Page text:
Updated 4 August 2017 — Let me begin by saying I have engaged in slum tourism.
I took a Soweto tour during a long-ago visit to South Africa, to see a place that overflowed with meaning. In 1976, during the Soweto Uprising in which unarmed students were stormed and killed by police for refusing to study in Afrikaans, I was a university student in Political Science, engulfed (at a distance) in liberation movements and revolutions. Soweto was part of that, as well as a major chapter in the bigger South African story of apartheid and discrimination.
It was a place I wanted to see, but the then boycott of South Africa was in full swing and I would have to wait nearly two decades.
Years later as a journalist, I was escorted through some of Rio's most crowded favelas by a young community nurse who worked with drug addicts and knew everyone. He was respected and we were stopped on every corner for a bit of a chat.
The afternoon I spent in Rocinha gave me a slightly better understanding of the poverty that fuels much of the addiction and crime, something I certainly would not have learned from the back of a bus.
It also showed me a side that surprised me - the regular everyday life of people less fortunate than myself. The streets were dirty and the housing rickety but people came and went, shopped, talked, laughed - and went to work, determined to make things better.
Oddly enough, at least to me, not everyone was poor. Some dwellings were decidedly middle-class, because here as everywhere else, when people succeed they don't necessarily want to leave their friends and family.
Over the years, visits to poorer urban areas have left me unsettled. Children sniffing glue under a bridge in Brasilia. Mothers scavenging on the world's biggest scrap heap in Manila. Begging for food near a Nairobi slum. Homeless children in Malawi. These are scenes that drive home the accident of humanity, of where I happened to be born, of my race and privilege, and how easily it might have been otherwise.
Slum tourism has been around since Victorian times, when wealthy Londoners trudged down to the East End for a view. The end of apartheid in South Africa fueled a more politically-oriented type of 'township tour' while Rocinha has been receiving tourists for years - some 50,000 a year now.
In India, the release of the movie Slumdog Millionnaire created space for even more slum tours. In Nairobi, enterprising Kenyans are guiding tourists around Kibera, a sprawling slum of one million inhabitants (to which the government is about to give a facelift, by the way).
The voyeur aspect of slum tourism makes me intensely uneasy.
Imagine a busload of foreign visitors traipsing down your street, peering into your house, take a selfie in front of your door... Yet that's exactly what happens on some slum tours... or poverty safaris... or pity tours... or whatever you choose to call them.
So is slum tourism ethically acceptable or is it exploitative? Do our tourist dollars actually help these communities or are we simply paying for a peek into lives we have no intention of ever experiencing for more than a few minutes?
Organized slum visits have come under harsh criticism, particularly as they become more popular. Much of the criticism has been along these lines:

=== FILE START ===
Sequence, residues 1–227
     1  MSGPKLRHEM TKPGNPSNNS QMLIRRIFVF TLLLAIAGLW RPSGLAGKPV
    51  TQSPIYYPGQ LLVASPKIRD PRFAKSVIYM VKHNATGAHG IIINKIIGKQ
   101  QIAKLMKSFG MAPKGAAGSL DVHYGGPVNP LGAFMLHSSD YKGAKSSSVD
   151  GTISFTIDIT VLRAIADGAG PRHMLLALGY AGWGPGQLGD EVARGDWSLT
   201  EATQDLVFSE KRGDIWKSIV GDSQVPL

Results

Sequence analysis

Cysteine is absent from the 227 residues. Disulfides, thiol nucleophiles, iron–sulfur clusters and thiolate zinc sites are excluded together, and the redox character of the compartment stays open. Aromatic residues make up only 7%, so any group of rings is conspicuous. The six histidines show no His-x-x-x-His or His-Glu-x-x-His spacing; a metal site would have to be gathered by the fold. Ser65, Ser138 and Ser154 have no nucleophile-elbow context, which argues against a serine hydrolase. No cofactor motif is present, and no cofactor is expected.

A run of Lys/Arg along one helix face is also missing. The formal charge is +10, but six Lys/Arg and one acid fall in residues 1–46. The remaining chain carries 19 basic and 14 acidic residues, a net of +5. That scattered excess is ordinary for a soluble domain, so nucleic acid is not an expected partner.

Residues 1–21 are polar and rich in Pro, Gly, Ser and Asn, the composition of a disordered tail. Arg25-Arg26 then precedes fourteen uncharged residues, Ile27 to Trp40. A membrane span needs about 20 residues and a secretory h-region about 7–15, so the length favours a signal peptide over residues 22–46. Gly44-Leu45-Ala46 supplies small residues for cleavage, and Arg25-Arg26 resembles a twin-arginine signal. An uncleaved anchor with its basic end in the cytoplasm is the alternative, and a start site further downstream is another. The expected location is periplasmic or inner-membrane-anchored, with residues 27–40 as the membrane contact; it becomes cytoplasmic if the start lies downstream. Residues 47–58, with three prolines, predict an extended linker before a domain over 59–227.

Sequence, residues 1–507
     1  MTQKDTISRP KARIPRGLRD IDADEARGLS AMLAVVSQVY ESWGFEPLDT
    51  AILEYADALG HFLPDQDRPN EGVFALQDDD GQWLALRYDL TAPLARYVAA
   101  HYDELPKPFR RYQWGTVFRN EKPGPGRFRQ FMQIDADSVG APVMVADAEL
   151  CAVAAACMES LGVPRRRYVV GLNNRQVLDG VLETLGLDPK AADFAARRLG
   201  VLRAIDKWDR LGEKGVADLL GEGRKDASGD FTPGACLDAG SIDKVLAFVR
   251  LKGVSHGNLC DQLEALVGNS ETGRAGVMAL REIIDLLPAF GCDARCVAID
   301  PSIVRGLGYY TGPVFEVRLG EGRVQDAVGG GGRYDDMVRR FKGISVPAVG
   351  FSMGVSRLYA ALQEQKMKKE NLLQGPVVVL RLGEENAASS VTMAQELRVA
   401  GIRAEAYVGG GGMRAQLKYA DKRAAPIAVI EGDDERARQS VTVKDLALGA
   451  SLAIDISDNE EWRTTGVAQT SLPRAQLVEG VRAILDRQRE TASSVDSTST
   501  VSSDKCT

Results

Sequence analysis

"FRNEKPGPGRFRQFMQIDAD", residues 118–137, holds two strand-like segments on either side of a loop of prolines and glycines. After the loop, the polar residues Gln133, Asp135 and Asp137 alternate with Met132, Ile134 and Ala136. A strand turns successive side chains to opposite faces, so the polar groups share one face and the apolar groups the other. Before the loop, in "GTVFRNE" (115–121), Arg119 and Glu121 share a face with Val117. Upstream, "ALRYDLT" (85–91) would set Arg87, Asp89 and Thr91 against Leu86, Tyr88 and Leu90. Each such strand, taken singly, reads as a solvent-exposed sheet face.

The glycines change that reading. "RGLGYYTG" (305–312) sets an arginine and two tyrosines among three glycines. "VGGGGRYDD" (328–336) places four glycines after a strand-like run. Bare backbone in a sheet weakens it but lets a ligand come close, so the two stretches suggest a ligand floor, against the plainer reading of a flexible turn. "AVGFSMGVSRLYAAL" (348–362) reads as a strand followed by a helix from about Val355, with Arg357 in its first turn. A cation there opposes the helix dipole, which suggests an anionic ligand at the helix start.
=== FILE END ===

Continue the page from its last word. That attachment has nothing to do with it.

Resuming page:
How true is this picture?
There's a flip side. Slum tourism has supporters, many of whom believe tourism will ultimately benefit the favela or the township and help improve the lives of people who live there. Visitors who take these tours may genuinely care and are interested in knowing more about the people they meet and the places they see.
Here are some of the potential advantages of slum tourism:
There is no such thing as a star system for slum tours, an ethical rating that will tell you how well an operator is performing or if a tour benefits the community. So, it's up to us to find out before booking.
Here are some of the things we should look for:
Granted, much of this information will not be easy to find, especially before you book. But by asking the right questions, you are showing you care, and are forcing tour operators to tackle these issues. Once you're on the tour, you'll have a better sense of its ethics and if you don't like what you see, there's always social media. If a tour is exploitative - well, word gets around fast.
There are many signs slum tourism is changing. More charities are being set up to spread profits around, local people are becoming increasingly involved, negative stereotypes are being challenged, local artisans are being encouraged to sell their work to tourists at fair prices, and tour operators themselves are beginning to understand that slum tourism is not like mass tourism: they don't have to cram every possible attraction into the shortest possible time.
While some feel much good can come from properly thought-out slum tours, others believe slum tourism has done more harm than good, with insensitive itineraries pulled together purely for gain.
So which is it: Would visitors be better off staying in a luxury downtown hotel while pretending not to see the slum next door? Or is knowledge and awareness the first step towards understanding?
For more information on slum tourism these resources may help:
Slum Dwellers International is a is a network of community-based organizations of the urban poor in 33 countries in Africa, Asia, and Latin America.
Tourism Concern works towards ethical tourism at all levels, everywhere.
Slumtourism.net brings together academics and practitioners working on tourism in slums and poor rural areas.
The world's five largest slums.
I'd love to hear your thoughts about slum tourism - please do add your comments to those below!